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The Great Depression


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Bank Runs

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Crowd at New York's American Union Bank during a bank run early in the Great Depression. The Bank opened in 1917 and went out of business on June 30, 1931. From: http://www.ssa.gov/history/bank.html

After the stock market crash on Black Tuesday, October 29, 1929, frightened depositors rushed to banks to claim their savings. These “bank runs” actually accelerated bank closures across the country. For every bank that closed, hundreds of people lost their life savings. This photo of a bank run in New York displays the public panic the stock market crash created. In response, many banks across the country set up regulations for how much an individual could withdraw per day. Banks tried to stay afloat, and with President Roosevelt’s “Bank Holiday” on March 6, 1933, banks were able to finally start recovering from the damages of the Great Crash. Restoring confidence in the American banking system became Roosevelt’s first priority in his plan to fix the economic depression of the 1930s.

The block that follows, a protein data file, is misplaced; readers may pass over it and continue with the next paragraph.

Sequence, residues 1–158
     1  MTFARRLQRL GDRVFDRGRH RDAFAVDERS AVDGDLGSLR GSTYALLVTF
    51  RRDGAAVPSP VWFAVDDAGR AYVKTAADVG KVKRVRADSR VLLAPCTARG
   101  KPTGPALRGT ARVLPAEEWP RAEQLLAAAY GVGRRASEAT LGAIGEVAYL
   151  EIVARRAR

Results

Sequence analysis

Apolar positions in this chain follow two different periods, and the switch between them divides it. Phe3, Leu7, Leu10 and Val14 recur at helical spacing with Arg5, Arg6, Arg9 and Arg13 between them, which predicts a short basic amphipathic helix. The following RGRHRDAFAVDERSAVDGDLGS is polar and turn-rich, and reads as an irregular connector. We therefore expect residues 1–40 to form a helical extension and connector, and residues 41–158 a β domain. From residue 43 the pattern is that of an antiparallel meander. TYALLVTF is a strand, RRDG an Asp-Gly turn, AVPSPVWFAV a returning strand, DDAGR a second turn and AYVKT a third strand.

Contributor: Clio
Created: September 11, 2008 · Modified: May 16, 2009

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